Why do stars twinkle
There have been times when there was no concrete explanation of the phenomenon of the twinkling of the stars. Thankfully, we have an acceptable explanation today. However, let us discuss both the conflicting theories that intended to unveil the secrets of the stars. The first one says that the twinkling of stars is caused by the action of ‘something’ that exists at the edge of the Solar system. This ‘something’, most probably, are gas clouds made up of molecules.
Inhabiting the far outskirts of the vast Solar system, these gas clouds undergo turbulence due to the passage of star light through them. This turbulence is that is perceived as the twinkling of stars from the Earth. Heavenly bodies like the Sun and Moon, being closer to the Earth, do not participate in this phenomenon, and consequently, do not exhibit any twinkling. Thus, this theory does claim to provide the answers to the regular questions regarding stars shining. The other theory bases its conclusion on studies conducted with Earth’s atmosphere. Stars are point sources of light, situated at extremely large astronomical distance from our planet, whereas the Sun and Moon are in relative proximity. Plus, the sizes of these bodies and the other planets become virtually large because of the fact that they reside close to the Earth.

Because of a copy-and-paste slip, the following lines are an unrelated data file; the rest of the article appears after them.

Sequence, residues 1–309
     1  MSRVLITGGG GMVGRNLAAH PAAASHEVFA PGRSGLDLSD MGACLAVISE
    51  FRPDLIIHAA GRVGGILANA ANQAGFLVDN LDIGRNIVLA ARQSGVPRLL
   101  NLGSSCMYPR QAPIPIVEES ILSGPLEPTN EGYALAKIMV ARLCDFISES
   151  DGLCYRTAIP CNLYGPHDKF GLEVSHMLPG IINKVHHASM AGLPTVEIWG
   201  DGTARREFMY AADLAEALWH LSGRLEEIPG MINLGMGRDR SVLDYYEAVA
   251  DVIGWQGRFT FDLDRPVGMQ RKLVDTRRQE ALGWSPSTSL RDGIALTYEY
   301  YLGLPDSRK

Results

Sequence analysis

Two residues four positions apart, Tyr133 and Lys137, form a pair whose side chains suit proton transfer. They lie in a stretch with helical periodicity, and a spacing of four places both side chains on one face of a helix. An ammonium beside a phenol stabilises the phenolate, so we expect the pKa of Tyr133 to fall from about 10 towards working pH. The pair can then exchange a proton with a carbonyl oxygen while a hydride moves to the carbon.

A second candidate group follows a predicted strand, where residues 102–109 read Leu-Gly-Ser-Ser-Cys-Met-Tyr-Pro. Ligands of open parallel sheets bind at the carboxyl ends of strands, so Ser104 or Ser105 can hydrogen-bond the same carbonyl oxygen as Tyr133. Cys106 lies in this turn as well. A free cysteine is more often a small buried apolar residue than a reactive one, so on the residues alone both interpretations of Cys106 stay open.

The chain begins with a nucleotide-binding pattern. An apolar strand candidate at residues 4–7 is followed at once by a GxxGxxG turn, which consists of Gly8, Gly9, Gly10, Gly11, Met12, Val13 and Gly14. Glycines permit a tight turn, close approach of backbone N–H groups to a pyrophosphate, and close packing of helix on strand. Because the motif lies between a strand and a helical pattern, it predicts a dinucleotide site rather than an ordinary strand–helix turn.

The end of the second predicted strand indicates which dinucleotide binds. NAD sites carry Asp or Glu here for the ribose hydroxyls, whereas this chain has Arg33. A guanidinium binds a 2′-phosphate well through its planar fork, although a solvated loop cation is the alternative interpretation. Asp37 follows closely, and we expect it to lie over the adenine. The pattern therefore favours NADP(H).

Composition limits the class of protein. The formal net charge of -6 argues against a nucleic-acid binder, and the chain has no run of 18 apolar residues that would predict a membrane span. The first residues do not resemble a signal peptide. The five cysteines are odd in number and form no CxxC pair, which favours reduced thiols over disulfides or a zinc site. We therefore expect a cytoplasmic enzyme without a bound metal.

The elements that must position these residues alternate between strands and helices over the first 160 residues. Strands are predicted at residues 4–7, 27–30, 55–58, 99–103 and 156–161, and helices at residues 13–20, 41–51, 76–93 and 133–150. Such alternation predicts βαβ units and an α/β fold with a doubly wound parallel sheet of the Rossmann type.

What happens is that waves of cold and hot air keep on circulating in the near and distant skies. Light, upon interaction with these differential air currents, scatters unevenly and results into relative bright and dim outlooks. This is what is seen as the twinkling of stars. Though both the theories explain the phenomenon fairly convincingly, but only of them could be true! Explorations into deep space lifted the veil off and it has now been established that it is, in fact, Earth’s atmosphere that is responsible for the twinkling of stars. Though the second theory finds a great number of endorsers, a new breed of astronomers continues to argue that science is yet to unearth the scintillation phenomenon. They accept the premise of the theory, but contest the conclusions drawn out.
Atmospheric turbulence, they believe, does not establish anything in regards to the sharp change in light intensity of the stars. These astronomers believe that the twinkling phenomenon has a lot to do with the fact that several ”spheres” of light, emitted from the stars, combine in different quantities at the eye receptors, and create the effect of twinkling. The fact remains that the scintillation in stars is as intriguing as ever.